Response tonically to dilute pilocarpine due to denervation
Dynamic Anisocoria - Adie’s Tonic Pupil (OS)
dilation lag (OS)
• Bilateral mid-dilated pupils that react
poorly to light but constrict normally with
convergence (i.e., not tonic). Associated
with eyelid retraction, supranuclear upgaze
paralysis, and convergence retraction
nystagmus. An MRI should be performed to
rule out pinealoma and other midbrain
Argyll Robertson pupil
• neurosyphilis, DM, encephalitis, MS and
• Asmall irregular pupil , anisocoria, lightnear dissociation: light reflex absent &near
is normal, poor dilatation in dark and
• Unilateral headache (cluster) or facial pain
in distribution of trigemial nerve
• Conjunctival hyperemia
Horner’s Syndrome (Oculosympathetic
Congenital Horner’s Syndrome
• Produces pupillary dilation by preventing
reuptake of norepinephrine
• Cocaine 10% (2 drops, 5 minutes apart)
• In order to act it require functioning
• Dilate normal pupil only
Mechanism of action
• α2 agonist with significant α1 effect
• Apraclonidine produces significant dilation
of the affected pupil, but the normal pupil
will fail to respond
• Dilates the pupil only in presence of endogenous
• 2 drops of 1% hydroxyamphetamine 2 days
after cocaine test.
– Forces norepinephrine from sympathetic nerve
• localization of Horner’s syndrome lesion
central or preganglionic
– No mydriasis
Requires postganglionic be intact
Adrinaline 1:1000 test In both eye:
• In preganglionic lesion→ both pupil not
dilate because adrinaline is destroyed by
• In postganglionic lesion → Horner`s pupil
will dilate because amine oxidase is absent.
Dilatation Lag Test
Demonstrates impaired sympathetic response of the
affected pupil with flash photography.series of 3
photographs were taken.
• The first was in room light with added light in one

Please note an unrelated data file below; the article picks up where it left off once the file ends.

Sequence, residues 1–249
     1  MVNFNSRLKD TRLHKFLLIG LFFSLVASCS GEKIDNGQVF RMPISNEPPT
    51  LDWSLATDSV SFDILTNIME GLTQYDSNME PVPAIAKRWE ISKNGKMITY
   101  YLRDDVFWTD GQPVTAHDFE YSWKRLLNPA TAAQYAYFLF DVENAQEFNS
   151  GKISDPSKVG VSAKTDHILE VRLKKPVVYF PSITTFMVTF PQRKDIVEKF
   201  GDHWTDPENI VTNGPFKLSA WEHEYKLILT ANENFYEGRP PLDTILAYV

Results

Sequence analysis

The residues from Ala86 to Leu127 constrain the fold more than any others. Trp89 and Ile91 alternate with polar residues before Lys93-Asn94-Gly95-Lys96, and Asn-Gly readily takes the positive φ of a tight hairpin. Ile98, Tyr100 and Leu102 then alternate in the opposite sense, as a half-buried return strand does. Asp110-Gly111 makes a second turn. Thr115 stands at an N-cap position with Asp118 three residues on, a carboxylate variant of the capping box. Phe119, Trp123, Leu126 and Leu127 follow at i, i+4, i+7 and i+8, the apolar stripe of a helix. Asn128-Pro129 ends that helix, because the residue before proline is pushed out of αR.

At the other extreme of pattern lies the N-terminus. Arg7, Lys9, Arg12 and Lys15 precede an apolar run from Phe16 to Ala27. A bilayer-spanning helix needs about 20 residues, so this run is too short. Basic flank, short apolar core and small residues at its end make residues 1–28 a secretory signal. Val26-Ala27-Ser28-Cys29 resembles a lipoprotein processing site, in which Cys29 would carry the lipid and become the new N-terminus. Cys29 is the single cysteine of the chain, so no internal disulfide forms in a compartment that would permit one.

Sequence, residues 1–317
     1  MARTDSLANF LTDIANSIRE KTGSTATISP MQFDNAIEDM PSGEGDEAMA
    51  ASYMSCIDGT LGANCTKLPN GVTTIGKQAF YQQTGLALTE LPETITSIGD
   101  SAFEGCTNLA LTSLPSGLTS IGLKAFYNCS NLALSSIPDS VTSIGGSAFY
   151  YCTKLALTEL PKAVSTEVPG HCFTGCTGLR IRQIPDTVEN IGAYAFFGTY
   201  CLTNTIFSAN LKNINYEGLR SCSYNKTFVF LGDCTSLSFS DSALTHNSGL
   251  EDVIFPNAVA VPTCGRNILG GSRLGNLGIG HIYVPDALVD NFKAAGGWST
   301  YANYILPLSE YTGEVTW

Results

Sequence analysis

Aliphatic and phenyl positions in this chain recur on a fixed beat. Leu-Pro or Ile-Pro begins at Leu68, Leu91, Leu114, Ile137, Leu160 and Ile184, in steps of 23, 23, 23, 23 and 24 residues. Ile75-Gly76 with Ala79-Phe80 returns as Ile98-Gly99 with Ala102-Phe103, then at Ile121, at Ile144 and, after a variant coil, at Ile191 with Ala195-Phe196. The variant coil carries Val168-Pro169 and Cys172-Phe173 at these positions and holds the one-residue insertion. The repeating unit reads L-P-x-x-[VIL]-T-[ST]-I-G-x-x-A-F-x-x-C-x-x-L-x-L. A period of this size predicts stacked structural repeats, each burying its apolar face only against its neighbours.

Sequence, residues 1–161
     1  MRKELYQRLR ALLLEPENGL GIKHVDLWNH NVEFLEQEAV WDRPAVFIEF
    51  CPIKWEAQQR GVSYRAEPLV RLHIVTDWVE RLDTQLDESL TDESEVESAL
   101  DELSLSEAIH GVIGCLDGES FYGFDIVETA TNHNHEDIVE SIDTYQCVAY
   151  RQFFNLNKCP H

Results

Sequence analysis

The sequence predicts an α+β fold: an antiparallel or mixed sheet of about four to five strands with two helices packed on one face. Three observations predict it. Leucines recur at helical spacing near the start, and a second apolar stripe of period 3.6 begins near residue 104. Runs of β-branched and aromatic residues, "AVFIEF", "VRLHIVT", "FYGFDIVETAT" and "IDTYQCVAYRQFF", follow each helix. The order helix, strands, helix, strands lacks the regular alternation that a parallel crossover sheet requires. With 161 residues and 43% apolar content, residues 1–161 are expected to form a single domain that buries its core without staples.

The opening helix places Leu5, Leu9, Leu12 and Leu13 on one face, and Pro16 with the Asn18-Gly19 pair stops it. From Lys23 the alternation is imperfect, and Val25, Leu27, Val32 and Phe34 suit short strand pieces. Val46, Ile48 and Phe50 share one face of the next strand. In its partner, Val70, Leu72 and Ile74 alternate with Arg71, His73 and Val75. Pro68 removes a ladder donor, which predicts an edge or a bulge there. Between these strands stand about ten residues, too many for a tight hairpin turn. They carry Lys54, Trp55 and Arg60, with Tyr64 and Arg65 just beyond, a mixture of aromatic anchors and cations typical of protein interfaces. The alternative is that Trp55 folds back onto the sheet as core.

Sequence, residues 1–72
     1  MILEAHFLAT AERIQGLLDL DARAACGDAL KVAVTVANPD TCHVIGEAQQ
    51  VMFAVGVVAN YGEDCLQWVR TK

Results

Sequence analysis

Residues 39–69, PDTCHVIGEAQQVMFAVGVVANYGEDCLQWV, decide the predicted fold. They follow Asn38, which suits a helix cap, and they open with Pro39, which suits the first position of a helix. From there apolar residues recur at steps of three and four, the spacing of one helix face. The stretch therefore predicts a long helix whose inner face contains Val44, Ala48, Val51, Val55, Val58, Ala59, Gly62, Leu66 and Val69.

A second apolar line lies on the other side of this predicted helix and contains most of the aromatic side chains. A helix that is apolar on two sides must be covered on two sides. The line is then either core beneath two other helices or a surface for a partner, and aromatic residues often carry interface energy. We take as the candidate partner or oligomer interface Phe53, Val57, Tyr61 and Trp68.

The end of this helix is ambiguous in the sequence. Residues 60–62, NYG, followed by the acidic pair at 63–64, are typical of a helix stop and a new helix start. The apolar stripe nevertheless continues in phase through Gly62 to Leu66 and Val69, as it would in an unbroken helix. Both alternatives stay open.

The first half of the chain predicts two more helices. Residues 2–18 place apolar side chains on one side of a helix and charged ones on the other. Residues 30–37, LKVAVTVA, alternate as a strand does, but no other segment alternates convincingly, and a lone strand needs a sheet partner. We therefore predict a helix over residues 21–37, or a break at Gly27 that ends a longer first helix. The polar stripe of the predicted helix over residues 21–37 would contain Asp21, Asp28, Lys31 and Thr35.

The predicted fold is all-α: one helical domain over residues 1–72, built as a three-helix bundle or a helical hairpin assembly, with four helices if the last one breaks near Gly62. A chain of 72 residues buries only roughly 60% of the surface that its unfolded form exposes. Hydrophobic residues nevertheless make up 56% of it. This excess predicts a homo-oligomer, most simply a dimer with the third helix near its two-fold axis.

eye from a penlight.
• The second photograph was taken in darkness, 4
to 5 seconds after the lights were turned off.
• the third, in darkness 10 to 12 seconds after the
lights were extinguished.
Horner’s pupil will lag behind in dilation, especially
at 4-5 seconds
Dilatation Lag Test
Pourfour de Petit Syndrome
This syndrome is the clinical opposite of
Horner syndrome. It represents
unilateral mydriasis, lid retraction, apparent
exophthalmos, and conjunctival blanching
Seen after trauma, brachial plexus
anesthetic block or other injury, and
• Useful in assessment of head injuries
• Stage1 : Ipsilateral pupil (on the side of
head injury shows contraction due to
irritation, Contralateral (normal) pupil –
• Stage2 : Ipsilateral pupil shows dilatation
due to paralysis , contralateral pupil
constricts (irritation spreads to normal side)
Stage3 : Both pupils dilate. Stage of
bilateral paralysis. To assess pupil
repeatedly is important, therefore
mydriatics should be avoided in case of
abnormally constricted pupil
– Unilateral use of a miotic.
– Iritis: Eye pain, redness, and anterior chamber
cells and flare.
– Horner syndrome:miosis ptosis anophthalmos.
– Argyll Robertson pupil:acc reflex preserved.
– Long-standing Adie pupil: The pupil is initially
dilated, but over time may constrict.
Hypersensitive to pilocarpine 0.125%.
– Pontine hge.
Abnormally dilated pupil
– Iris sphincter muscle damage from trauma:
Torn pupillary margin or iris transillumination
defects seen on slit-lamp examination.
– Adie (tonic) pupil.
– Third nerve palsy.
– Unilateral exposure to a mydriatic.